Thursday's Tip: What is a galactogogue & why might a breastfeeding mother use one?

A galactogogue is not a character from a science fiction movie but what we know about them comes from scientific research. Galactogogues are substances which promote lactation; they can be plant-based or man-made. A galactogogue may be considered by breastfeeding mother or her health care professional when there is a low milk supply issue that has not been resolved by ensuring that mum is breastfeeding frequently and baby has an effective latch. It would be a waste to try increasing milk supply with a galactogogue if any issues on the physical side of the breastfeeding relationship haven’t been addressed first. There is more information from LLLC about increasing your milk supply HERE and an interesting article by Tipper Gallagher, IBCLC about why she doesn’t recommend galactogogues HERE.

The Academy of Breastfeeding Medicine’s protocol on the clinical use of galactogogues states: “Prior to the use of a galactogogue, thorough evaluation should be performed of the entire feeding process by a lactation expert. Reassurance may be offered, if appropriate. When intervention is indicated for the dyad, modifiable factors should be addressed: comfort and relaxation for the mother, frequency and thoroughness of milk removal, and underlying medical conditions. Medication should never replace evaluation and counseling on modifiable factors.”

Pharmaceutical Galactogogues

Domperidone (Motilium™) is generally used for disorders of the gastrointestinal tract and has, as a side effect, the increase of milk production, probably by increasing prolactin production by the pituitary gland. Prolactin is the hormone that stimulates the cells in the mother's breast to produce milk. More information about the Canadian regulations regarding Domperidone can be found HERE. There are drugs in the anti-psychotic family which may increase lactation through their effects on the production of prolactin but they are unlikely to be used for the average breastfeeding mother due to their other effects on the body.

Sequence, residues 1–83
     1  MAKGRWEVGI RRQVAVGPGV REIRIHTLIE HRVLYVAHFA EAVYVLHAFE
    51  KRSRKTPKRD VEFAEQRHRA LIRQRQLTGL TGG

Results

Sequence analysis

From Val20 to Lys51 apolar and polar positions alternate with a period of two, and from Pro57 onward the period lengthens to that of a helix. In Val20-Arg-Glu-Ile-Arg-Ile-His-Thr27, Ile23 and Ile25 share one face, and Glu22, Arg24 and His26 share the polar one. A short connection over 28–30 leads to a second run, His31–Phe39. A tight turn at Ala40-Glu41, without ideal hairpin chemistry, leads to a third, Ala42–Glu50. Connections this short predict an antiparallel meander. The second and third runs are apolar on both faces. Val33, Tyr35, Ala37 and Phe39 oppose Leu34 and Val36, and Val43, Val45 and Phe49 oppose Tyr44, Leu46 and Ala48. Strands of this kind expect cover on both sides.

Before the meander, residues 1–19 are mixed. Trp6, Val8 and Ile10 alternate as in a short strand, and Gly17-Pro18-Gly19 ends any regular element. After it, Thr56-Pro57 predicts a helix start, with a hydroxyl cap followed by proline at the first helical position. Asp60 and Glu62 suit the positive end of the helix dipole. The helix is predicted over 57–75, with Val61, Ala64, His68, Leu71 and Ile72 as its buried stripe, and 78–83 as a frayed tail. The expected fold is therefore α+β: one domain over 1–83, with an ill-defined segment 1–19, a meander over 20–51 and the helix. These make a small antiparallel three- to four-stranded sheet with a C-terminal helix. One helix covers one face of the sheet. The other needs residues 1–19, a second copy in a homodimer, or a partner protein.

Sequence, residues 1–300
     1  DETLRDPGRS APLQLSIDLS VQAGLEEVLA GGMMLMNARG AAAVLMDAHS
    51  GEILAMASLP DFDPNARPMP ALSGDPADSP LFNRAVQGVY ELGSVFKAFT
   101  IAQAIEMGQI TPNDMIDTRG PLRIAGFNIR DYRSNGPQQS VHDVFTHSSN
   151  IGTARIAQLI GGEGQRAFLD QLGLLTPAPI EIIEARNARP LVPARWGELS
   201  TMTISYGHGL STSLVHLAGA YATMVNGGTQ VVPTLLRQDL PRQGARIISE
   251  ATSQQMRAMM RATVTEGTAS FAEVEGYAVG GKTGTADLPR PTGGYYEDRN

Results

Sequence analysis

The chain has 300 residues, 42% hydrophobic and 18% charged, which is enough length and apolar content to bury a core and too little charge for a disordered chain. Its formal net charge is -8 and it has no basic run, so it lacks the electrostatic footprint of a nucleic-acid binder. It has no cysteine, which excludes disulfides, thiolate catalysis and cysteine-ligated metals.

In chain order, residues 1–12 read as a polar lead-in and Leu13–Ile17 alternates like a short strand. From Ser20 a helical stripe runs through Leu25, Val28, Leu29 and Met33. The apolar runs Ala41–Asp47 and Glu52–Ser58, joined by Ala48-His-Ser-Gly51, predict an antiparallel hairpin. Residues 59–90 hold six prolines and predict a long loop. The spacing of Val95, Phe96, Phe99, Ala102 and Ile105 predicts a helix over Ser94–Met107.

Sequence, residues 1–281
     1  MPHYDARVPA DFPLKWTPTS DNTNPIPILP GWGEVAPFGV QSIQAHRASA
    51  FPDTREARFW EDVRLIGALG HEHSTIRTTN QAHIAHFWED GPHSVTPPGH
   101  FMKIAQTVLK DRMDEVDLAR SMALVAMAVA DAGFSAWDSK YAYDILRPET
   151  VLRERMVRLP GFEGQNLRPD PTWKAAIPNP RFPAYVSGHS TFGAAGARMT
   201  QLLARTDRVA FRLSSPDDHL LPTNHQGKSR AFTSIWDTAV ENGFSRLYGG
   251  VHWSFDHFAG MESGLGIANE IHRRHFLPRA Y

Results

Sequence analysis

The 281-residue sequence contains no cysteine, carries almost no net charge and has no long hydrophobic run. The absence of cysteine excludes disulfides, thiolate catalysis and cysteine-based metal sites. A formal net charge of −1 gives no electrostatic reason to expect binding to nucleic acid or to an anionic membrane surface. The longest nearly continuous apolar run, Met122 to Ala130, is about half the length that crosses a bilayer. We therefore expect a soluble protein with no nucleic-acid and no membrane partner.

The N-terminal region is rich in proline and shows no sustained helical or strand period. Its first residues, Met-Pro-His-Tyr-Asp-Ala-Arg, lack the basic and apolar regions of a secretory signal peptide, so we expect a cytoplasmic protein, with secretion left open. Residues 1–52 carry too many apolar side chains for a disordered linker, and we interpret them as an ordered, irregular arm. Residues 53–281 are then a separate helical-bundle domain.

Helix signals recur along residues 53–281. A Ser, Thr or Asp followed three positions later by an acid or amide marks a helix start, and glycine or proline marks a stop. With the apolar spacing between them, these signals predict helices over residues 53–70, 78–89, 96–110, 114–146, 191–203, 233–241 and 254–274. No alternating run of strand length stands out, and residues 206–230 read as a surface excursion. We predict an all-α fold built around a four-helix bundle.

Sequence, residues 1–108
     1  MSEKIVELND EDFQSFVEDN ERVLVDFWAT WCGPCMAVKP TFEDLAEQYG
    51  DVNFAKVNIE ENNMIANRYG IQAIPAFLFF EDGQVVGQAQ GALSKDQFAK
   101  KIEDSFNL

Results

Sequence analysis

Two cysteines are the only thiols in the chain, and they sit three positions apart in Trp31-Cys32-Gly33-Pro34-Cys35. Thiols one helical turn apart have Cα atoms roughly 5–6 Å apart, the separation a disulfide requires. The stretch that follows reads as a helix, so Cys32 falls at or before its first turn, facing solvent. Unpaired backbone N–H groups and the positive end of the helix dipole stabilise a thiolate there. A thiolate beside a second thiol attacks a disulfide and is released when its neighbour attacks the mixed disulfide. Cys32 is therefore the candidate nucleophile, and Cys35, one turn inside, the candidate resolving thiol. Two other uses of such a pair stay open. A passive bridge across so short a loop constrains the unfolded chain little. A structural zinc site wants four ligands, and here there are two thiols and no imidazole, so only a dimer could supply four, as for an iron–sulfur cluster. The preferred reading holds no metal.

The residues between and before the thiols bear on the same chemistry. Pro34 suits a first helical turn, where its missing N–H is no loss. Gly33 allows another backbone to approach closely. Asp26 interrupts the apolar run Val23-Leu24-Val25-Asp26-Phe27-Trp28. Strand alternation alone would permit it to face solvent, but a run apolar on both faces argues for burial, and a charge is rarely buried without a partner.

Metoclopramide (Maxeran™, Reglan™), is also known to increase milk production, but it also has frequent side effects which have made its use for breastfeeding mothers unacceptable (fatigue, irritability, depression).

Herbal Galactogogues

There has been little scientific research into plant based galactogogues however many have long histories of use in different cultures. Often herbal galactogogues are consumed as teas. The doses are not standardized and there is little scientific evidence to show if or how they work. Herbs can be as powerful and have as many side effects as manufactured drugs. Discuss any new medication or herb with your health care professional before starting it. La Leche League Canada Leaders or the Motherrisk program at the SickKids Hospital can look up herbal or manufactured medications and share with you information about the potential side effects prior to a discussion with your health care provider.

Fenugreek is the most commonly used herbal galactogogue. Its reputation is widespread however its efficacy has not yet been confirmed through scientific studies.

Foods considered to be Galactogogues

Every culture has foods that are promoted as galactogogues. There is no strong scientific evidence for any of them however good nutrition will make mum feel better and support milk production. Some of the common foods which are considered galactogogues are:

  • • Whole grains, especially oatmeal
  • • Dark, leafy greens (alfalfa, kale, spinach, broccoli)
  • • Fennel
  • • Garlic
  • • Chickpeas
  • • Nuts and seeds, especially almonds
  • • Ginger
  • • Papaya
  • • Spices like cumin seeds, anise seeds, fennel seeds, turmeric

Pharmacist Frank Nice and his wife, Myung Hee, have put together more than 200 recipes featuring foods considered as galactogogues in “The Galactogogue Recipe Book”. Dr. Nice includes dosage, uses, and cautions about each of the galactogogues.

If you have questions about your milk supply, or other breastfeeding challenges, and before you try a galactogogue please contact your local La Leche League Canada Leader.

With the exception of links to LLLC and LLLI information, the provision of links within our blog posts does not indicate La Leche League Canada's endorsement of the linked content or any other information that may be found on these sites.

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